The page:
He admired her practical nature, but what he loved was simply her presence and touch. After a time he would do anything to have her sit next to him and gently run the backs of her fingers down the side of his face. And though she thought that doing nothing — as she put it — was a complete waste of her time, that same nothing was the most important thing in Nakamura’s life. Then he felt no fear, his pain was again for a short time bearable, and he wondered how he could have been oblivious to his wife’s goodness for so long.


Cynical, womanising Dorrigo eventually discovers Amy is alive. He sees her one day while walking along a bridge in Sydney decades after the war.


He stopped in the middle of the bridge. A light easterly was blowing a cooling sea breeze in, and he gazed at the war far below, coughing white and blue waves… It was when he drew himself up from the side rail and resumed walking that he first glimpsed her in the distance…


She was wearing fashionable sunglasses and a sleeveless dark blue dress with a white band around the hips. She had two children with her, small girls, each holding one of her hands…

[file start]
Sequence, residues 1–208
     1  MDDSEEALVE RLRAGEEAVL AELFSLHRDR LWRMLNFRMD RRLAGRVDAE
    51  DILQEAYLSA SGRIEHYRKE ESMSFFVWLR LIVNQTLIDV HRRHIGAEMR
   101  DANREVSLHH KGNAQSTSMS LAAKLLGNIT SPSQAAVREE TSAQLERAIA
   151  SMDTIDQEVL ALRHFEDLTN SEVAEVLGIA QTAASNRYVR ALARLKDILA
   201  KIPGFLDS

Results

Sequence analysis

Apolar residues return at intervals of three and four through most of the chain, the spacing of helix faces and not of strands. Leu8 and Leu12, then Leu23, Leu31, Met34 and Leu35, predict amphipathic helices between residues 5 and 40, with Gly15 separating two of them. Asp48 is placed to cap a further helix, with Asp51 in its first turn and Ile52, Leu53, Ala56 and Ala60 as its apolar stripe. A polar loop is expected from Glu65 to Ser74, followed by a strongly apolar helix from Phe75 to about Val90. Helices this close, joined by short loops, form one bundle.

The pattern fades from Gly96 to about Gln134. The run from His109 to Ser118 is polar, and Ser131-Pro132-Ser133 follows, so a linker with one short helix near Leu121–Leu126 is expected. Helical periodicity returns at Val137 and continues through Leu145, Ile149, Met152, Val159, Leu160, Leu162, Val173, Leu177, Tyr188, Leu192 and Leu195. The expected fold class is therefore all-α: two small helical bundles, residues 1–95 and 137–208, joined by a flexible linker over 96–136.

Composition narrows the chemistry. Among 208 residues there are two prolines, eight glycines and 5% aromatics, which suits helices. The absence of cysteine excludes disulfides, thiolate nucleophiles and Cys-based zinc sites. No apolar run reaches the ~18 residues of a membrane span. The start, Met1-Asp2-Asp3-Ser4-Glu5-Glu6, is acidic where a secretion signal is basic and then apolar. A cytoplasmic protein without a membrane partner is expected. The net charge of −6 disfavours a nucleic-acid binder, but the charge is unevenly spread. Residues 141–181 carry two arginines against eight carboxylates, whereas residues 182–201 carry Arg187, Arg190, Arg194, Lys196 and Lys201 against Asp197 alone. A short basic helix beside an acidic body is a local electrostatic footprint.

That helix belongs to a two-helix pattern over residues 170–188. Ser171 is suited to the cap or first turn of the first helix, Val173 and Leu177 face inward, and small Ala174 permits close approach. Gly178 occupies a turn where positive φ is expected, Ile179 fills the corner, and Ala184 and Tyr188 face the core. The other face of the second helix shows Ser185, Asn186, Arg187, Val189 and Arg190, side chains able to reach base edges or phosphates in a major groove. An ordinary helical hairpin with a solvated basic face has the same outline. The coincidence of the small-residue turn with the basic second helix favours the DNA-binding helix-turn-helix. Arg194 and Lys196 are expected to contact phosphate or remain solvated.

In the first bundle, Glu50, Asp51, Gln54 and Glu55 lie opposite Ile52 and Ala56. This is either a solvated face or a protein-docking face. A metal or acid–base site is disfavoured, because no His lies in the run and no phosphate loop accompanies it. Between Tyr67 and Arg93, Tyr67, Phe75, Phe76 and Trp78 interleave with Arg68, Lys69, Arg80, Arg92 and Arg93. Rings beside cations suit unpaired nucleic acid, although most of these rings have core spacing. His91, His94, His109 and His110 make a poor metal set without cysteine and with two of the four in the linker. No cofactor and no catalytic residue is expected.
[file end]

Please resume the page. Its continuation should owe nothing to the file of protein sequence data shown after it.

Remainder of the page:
He had thought her dead, but here she was, walking towards him, noticeably older, though to him time had made her more, not less, beautiful. As though, rather than taking, age had simply revealed who she was.


Amy.


The abyss of years — with their historic wars, their celebrated inventions, their innumerable horrors and miraculous wonders — had, he realised, all been nothing. The bomb, the Cold War, Cuba and transistor radios had no power over her swagger, her imperfect ways, her breasts longing for liberation and her eyes rightfully hidden…


Would he stop or would he walk on by? Would he cry out or would he say nothing? He had to decide…
She was drawing nearer… He was close enough now to see the small mole that defined her upper lip. Now he did not think she was as beautiful as ever, or that she was beautiful at all. Only that he wanted her… Had she seen him? He would call out to her…


As he went to say something, he realised they had walked past each other without a word.


He eventually turns around to speak to her, but by then she is gone. And the realisation hits him: